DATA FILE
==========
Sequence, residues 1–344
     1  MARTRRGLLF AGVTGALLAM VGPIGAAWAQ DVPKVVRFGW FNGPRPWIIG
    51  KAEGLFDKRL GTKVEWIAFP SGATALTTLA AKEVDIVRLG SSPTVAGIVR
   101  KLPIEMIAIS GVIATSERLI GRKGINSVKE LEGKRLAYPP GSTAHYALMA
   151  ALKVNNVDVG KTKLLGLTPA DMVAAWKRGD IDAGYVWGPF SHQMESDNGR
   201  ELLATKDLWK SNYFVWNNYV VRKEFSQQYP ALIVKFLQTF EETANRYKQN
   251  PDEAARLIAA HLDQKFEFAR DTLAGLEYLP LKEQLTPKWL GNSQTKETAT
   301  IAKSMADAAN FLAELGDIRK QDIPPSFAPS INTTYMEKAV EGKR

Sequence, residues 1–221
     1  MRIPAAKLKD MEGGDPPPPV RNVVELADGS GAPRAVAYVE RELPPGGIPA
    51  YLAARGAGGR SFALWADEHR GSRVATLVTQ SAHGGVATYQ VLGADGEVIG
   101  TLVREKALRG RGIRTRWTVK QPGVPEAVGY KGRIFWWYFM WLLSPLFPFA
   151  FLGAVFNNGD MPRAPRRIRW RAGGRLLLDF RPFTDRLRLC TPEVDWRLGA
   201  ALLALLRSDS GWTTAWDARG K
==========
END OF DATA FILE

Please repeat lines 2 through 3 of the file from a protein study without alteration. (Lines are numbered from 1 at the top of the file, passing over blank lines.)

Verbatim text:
     1  MARTRRGLLF AGVTGALLAM VGPIGAAWAQ DVPKVVRFGW FNGPRPWIIG
    51  KAEGLFDKRL GTKVEWIAFP SGATALTTLA AKEVDIVRLG SSPTVAGIVR